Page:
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Emotet Resurgence: Cross-Industry Analysis

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22
Aug 2022
22
Aug 2022
Technical insights on the Emotet resurgence in 2022 across various client environments, industries, and regions.

Introduction

Last year provided further evidence that the cyber threat landscape remains both complex and challenging to predict. Between uncertain attribution, novel exploits and rapid malware developments, it is becoming harder to know where to focus security efforts. One of the largest surprises of 2021 was the re-emergence of the infamous Emotet botnet. This is an example of a campaign that ignored industry verticals or regions and seemingly targeted companies indiscriminately. Only 10 months after the Emotet takedown by law enforcement agencies in January, new Emotet activities in November were discovered by security researchers. These continued into the first quarter of 2022, a period which this blog will explore through findings from the Darktrace Threat Intel Unit. 

Dating back to 2019, Emotet was known to deliver Trickbot payloads which ultimately deployed Ryuk ransomware strains on compromised devices. This interconnectivity highlighted the hydra-like nature of threat groups wherein eliminating one (even with full-scale law enforcement intervention) would not rule them out as a threat nor indicate that the threat landscape would be any more secure. 

When Emotet resurged, as expected, one of the initial infection vectors involved leveraging existing Trickbot infrastructure. However, unlike the original attacks, it featured a brand new phishing campaign.

Figure 1: Distribution of observed Emotet activities across Darktrace deployments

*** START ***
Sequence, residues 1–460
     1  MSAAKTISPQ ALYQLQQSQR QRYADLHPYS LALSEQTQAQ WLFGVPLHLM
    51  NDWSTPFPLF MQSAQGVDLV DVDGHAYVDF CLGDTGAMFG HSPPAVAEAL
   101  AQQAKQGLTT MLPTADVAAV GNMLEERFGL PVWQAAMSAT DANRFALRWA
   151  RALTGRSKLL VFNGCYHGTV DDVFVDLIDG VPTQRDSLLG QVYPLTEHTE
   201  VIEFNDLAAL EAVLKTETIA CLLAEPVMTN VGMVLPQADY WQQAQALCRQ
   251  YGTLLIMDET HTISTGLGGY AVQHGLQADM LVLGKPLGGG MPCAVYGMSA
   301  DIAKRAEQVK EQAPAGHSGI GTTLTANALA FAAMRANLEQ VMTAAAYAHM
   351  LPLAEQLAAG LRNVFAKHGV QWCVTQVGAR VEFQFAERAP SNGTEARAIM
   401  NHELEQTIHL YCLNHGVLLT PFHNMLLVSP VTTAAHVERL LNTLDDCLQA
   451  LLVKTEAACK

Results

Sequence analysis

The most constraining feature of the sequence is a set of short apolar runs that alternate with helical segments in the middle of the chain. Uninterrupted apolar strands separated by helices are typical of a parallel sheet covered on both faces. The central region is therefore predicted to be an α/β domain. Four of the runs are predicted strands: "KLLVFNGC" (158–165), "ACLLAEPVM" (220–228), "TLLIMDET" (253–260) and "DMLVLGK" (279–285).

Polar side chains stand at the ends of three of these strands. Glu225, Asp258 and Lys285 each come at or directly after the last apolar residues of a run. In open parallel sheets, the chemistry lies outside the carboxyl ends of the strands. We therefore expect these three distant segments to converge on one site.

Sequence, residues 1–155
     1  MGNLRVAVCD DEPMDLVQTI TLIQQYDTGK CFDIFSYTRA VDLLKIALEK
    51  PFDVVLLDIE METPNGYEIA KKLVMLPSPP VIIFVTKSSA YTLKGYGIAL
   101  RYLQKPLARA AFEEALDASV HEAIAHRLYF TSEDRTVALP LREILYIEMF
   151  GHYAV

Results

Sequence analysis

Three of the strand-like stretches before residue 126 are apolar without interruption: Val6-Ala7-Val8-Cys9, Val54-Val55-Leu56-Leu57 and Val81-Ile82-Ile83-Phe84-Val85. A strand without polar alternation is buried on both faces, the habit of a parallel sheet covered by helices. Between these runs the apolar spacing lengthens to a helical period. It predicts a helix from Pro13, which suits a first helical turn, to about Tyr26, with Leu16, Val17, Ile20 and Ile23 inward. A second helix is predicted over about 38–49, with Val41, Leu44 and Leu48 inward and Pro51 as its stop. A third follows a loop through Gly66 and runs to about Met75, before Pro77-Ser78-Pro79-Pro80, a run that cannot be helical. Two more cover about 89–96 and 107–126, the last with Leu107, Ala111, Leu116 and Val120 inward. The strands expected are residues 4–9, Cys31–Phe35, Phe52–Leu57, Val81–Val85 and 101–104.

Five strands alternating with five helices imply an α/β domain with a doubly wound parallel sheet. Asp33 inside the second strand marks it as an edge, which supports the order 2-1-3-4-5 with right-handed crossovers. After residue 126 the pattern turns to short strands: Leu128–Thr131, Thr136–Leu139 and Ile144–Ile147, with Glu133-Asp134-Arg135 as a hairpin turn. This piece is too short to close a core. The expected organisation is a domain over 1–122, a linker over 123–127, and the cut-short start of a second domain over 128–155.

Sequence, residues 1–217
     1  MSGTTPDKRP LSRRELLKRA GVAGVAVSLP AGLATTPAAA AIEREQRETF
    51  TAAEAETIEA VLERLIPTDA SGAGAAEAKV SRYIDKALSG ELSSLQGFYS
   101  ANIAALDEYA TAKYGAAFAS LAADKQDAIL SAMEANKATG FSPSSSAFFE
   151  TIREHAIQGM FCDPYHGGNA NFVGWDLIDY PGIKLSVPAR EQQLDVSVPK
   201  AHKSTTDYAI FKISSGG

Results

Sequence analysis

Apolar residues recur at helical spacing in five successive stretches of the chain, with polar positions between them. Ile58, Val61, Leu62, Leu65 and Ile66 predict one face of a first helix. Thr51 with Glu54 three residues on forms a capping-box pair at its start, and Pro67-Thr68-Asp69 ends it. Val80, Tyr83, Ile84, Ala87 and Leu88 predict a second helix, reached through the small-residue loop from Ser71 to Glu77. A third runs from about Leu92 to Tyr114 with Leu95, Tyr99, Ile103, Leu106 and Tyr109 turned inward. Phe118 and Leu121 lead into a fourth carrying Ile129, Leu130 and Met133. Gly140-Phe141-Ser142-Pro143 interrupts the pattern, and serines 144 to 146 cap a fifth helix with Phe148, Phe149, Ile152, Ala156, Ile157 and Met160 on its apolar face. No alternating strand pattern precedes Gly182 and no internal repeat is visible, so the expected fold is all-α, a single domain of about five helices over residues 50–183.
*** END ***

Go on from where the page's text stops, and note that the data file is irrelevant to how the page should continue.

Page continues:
Although similar to the original Emotet infections, the new wave of infections has been classified into two categories: Epochs 4 and 5. These had several key differences compared to Epochs 1 to 3. Within Darktrace’s global deployments, Emotet compromises associated to Epoch 4 appeared to be the most prevalent. Affected customer environments were seen within a large range of countries (Figure 1) and industry verticals such as manufacturing and supply chain, hospitality and travel, public administration, technology and telecoms and healthcare. Company demographics and size did not appear to be a targeting factor as affected customers had varying employee counts ranging from less than 250, to over 5000.

Key differences between Epochs 1-3 vs 4-5

Based on wider security research into the innerworkings of the Emotet exploits, several key differences were identified between Epochs 4/5 and its predecessors. The newer epochs used:

·       A different Microsoft document format (OLE vs XML-based).

·       A different encryption algorithm for communication. The new epochs used Elliptic Curve Cryptograph (ECC) [1] with public encryption keys contained in the C2 configuration file [2]. This was different from the previous Rivest-Shamir-Adleman (RSA) key encryption method.

·       Control Flow Flattening was used as an obfuscation technique to make detection and reverse engineering more difficult. This is done by hiding a program’s control flow [3].

·       New C2 infrastructure was observed as C2 communications were directed to over 230 unique IPs all associated to the new Epochs 4 and 5.

In addition to the new Epoch 4 and 5 features, Darktrace detected unsurprising similarities in those deployments affected by the renewed campaign. This included self-signed SSL connections to Emotet’s new infrastructure as well as malware spam activities to multiple rare external endpoints. Preceding these outbound communications, devices across multiple deployments were detected downloading Emotet-associated payloads (algorithmically generated DLL files).